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Does exercising while in sunlight affect the rate at which the human body absorbs and reacts to UV rays? As sunburn is the secretion of fluids, increased dilation of blood vessels and inflammation of skin would exercising (as it also increases blood vessel dilation for heat loss) accelerate the "sun-burn" process in skin?

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  • $\begingroup$ reacts? probably. absorbs UV? no. $\endgroup$ – Aabaakawad Oct 18 '15 at 4:20
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The only pathways in which I would see more sensitivity to UV light would be

  1. If you were drenched in sweat and somehow the sweat focused the light/UV. This is highly unlikely as I don't believe any studies have been done to show that a water based solution causes a more intense sunburn.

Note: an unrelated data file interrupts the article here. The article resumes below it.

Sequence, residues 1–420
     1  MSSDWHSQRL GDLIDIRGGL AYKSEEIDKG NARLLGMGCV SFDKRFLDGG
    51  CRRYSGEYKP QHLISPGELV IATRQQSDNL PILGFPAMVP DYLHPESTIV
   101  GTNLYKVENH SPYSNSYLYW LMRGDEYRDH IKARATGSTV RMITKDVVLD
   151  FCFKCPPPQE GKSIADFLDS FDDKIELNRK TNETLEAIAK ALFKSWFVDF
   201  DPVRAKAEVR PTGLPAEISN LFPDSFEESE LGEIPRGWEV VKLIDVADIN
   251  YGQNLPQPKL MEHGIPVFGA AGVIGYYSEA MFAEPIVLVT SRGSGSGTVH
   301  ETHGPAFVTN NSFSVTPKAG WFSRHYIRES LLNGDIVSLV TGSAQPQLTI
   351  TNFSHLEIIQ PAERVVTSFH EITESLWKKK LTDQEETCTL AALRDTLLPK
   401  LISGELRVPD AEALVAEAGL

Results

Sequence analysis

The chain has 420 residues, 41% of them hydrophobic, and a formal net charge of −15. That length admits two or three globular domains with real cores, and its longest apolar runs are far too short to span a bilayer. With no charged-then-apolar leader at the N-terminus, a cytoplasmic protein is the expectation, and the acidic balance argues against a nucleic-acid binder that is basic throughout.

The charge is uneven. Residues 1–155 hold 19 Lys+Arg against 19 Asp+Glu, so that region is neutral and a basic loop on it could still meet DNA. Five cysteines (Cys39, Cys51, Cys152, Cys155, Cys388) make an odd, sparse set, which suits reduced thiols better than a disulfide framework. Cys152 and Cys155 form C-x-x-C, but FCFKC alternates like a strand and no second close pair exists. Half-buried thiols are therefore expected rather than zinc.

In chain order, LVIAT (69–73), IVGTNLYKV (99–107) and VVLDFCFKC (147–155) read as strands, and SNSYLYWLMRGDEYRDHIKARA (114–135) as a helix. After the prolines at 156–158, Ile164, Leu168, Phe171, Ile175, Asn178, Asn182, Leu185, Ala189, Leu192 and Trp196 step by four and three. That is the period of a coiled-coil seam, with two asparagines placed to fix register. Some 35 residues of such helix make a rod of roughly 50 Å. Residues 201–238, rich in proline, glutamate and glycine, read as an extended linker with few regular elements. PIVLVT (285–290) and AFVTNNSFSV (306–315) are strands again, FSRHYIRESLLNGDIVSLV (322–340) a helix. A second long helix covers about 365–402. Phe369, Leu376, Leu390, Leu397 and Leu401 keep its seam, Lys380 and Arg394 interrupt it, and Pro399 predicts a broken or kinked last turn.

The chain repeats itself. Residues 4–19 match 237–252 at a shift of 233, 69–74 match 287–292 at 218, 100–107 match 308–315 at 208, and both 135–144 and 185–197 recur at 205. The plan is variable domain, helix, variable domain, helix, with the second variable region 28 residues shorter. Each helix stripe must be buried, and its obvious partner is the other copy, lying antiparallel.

(Here is a further explanation by another poster on wetness and sunburn https://physics.stackexchange.com/questions/71263/why-does-wet-skin-sunburn-faster )

  1. The increased dilation of blood vessels results in a more red thus darker and more absorbent skin tone leading to more of a sunburn

Both of these are highly unlikely of increasing the sunburn, so in my opinion exercising shouldn't increase UV absorption or make a sunburn worse. Hope that helps.

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